Sumatran Orangutans

The Sumatran orangutan is a species of great ape found only on the island of Sumatra, Indonesia. They are one of three species of orangutan, with the other two being the Bornean orangutan and the recently discovered Tapanuli orangutan. Sumatran orangutans are the smallest of the three species, with males weighing up to 165 pounds.

Sumatran orangutans have long, shaggy reddish-brown hair and distinctive cheek pads, which are used to amplify their vocalizations. Like all orangutan species, they are highly intelligent, with the ability to use tools, solve problems, and communicate with each other through a range of vocalizations. Sumatran orangutans are also adapted for life in the trees, with long, powerful arms that enable them to move through the forest canopy with ease.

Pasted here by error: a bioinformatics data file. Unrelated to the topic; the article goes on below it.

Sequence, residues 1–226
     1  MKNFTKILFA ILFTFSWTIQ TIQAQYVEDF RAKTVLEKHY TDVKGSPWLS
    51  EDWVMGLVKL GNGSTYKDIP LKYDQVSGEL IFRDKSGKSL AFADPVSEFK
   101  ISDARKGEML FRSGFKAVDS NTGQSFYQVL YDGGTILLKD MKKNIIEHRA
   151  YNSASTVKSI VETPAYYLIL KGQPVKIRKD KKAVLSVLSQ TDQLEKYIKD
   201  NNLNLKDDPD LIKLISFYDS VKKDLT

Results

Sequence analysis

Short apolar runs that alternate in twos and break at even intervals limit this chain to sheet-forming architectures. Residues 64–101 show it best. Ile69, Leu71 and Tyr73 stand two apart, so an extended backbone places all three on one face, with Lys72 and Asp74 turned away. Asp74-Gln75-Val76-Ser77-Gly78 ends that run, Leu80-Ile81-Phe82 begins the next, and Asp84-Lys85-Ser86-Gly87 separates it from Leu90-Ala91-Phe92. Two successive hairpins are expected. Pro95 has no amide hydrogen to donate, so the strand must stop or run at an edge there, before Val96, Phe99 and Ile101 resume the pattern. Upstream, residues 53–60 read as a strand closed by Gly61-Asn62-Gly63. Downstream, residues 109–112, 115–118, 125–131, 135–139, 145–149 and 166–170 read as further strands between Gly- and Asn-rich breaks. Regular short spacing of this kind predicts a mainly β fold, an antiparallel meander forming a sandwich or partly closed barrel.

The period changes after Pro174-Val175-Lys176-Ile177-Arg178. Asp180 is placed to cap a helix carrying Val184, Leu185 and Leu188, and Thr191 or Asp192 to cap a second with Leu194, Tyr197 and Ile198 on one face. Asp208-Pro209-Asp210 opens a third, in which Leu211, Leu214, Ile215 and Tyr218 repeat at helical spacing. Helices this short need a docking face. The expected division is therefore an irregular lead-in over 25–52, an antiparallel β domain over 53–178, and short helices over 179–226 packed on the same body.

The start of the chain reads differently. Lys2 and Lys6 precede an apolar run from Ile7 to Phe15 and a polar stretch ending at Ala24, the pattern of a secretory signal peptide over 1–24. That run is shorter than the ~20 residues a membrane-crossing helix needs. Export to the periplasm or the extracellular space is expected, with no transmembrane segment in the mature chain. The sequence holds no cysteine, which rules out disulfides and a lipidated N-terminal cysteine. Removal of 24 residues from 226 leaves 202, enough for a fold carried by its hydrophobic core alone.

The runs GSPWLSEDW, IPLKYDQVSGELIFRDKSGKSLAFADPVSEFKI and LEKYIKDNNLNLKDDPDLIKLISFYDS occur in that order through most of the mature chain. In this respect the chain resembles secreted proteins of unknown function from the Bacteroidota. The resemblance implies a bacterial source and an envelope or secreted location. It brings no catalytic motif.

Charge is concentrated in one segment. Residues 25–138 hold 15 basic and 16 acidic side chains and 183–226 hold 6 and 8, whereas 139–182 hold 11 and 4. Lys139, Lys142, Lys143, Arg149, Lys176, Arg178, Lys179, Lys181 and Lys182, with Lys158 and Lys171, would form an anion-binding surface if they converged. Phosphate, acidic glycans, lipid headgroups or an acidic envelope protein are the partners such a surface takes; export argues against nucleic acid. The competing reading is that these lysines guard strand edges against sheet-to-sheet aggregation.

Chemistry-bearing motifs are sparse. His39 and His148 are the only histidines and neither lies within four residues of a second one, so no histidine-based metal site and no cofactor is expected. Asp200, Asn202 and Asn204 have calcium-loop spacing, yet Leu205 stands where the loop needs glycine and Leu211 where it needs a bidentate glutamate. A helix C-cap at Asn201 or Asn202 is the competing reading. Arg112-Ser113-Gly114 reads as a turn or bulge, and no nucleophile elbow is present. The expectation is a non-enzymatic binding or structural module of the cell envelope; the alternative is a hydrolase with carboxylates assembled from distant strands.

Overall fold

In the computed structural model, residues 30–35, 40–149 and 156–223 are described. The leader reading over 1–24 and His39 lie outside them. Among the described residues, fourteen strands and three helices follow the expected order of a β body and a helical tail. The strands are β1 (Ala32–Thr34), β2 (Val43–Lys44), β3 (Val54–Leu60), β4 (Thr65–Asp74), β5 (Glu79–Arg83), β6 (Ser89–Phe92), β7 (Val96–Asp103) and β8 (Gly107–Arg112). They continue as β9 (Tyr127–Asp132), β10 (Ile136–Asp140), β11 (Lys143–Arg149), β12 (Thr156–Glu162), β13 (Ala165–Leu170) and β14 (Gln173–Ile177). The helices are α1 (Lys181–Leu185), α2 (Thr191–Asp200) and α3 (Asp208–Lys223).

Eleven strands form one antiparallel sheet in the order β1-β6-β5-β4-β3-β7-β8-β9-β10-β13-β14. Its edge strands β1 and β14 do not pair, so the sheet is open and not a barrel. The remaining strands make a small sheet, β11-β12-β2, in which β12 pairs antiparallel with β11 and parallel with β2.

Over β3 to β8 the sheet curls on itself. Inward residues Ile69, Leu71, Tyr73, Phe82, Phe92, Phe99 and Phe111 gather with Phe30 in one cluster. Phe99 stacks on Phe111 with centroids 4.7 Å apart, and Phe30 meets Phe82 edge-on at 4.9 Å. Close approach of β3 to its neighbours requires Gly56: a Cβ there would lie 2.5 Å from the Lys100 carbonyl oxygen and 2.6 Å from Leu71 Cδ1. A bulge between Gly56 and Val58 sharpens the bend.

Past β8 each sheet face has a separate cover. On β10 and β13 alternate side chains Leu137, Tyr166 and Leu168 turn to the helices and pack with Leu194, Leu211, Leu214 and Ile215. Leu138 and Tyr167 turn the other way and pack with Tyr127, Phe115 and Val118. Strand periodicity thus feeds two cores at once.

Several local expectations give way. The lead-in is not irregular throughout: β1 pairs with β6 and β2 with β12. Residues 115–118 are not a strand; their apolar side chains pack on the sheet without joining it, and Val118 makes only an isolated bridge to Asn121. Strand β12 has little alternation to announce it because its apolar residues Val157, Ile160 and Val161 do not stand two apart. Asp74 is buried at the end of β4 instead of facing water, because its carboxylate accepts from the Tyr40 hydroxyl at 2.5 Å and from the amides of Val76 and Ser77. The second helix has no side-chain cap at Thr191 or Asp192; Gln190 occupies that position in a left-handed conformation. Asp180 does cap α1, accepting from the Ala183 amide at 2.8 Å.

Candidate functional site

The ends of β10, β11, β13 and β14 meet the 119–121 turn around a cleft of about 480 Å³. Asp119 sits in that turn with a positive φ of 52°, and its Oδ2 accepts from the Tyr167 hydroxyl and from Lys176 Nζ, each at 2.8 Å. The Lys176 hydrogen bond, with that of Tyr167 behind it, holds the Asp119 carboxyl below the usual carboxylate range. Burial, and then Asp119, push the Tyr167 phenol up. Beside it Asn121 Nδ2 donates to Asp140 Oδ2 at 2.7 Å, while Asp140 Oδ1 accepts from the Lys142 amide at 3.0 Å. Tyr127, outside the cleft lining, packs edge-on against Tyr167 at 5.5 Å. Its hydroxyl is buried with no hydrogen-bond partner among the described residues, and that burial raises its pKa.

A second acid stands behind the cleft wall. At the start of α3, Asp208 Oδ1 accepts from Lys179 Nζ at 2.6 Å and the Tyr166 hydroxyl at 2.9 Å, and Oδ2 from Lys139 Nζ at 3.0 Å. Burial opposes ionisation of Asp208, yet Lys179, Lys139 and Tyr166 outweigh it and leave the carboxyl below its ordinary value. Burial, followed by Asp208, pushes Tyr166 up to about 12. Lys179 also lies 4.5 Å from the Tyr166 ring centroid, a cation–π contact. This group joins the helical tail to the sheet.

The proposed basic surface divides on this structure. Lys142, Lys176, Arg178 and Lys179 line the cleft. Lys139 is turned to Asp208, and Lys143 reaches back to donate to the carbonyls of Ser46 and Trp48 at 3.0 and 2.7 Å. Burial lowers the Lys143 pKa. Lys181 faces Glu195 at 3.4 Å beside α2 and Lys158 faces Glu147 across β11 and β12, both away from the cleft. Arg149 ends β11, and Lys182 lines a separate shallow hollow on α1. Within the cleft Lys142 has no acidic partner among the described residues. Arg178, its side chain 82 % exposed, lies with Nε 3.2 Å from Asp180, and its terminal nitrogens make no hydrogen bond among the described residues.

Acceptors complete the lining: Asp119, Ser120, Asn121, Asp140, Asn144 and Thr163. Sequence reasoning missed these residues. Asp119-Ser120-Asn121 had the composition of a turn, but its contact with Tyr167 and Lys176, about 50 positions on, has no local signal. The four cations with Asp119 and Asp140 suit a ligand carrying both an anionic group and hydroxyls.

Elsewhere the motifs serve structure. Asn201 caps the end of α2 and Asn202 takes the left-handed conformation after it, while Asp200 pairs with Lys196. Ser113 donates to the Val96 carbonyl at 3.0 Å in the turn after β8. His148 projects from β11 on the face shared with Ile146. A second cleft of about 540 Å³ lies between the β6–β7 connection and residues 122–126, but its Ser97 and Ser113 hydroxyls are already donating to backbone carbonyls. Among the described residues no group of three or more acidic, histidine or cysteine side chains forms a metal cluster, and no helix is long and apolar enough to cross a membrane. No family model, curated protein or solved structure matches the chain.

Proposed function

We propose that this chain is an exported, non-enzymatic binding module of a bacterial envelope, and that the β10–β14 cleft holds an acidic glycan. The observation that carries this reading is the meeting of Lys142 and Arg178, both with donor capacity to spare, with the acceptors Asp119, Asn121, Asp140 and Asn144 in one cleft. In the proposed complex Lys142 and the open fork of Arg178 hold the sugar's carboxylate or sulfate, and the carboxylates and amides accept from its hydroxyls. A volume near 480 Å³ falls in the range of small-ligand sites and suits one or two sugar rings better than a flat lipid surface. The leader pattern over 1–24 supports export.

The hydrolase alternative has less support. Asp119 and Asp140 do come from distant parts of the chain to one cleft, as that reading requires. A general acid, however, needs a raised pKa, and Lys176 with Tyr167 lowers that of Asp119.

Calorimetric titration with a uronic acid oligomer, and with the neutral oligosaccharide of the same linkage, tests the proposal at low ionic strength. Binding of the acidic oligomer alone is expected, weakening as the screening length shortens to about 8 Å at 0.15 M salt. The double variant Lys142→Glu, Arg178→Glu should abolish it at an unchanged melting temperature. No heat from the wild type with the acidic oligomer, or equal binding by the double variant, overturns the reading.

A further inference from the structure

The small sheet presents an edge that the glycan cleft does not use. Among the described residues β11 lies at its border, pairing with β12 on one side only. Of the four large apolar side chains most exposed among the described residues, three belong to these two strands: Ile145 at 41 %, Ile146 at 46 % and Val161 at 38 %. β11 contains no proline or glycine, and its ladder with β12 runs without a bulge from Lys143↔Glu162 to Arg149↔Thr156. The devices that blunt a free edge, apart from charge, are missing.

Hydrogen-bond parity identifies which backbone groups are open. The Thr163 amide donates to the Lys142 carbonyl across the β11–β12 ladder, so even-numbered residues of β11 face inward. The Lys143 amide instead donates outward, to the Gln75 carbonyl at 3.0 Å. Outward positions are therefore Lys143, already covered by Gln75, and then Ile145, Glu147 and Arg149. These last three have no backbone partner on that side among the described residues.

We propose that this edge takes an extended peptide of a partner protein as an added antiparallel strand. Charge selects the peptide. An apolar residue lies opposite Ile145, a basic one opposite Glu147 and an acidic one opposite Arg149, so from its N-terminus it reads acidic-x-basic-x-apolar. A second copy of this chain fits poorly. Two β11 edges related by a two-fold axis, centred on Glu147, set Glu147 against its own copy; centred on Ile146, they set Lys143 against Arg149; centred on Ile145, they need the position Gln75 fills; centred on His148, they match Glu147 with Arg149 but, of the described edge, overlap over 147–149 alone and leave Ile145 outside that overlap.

Sumatran orangutans are critically endangered, with an estimated population of only around 14,600 individuals remaining in the wild. The primary threat to the species is habitat loss due to deforestation, logging, and the expansion of human settlements. In addition, Sumatran orangutans are sometimes hunted for meat or captured for the illegal pet trade. Conservation efforts are underway to protect the species and their habitat, but they remain one of the most endangered great apes in the world.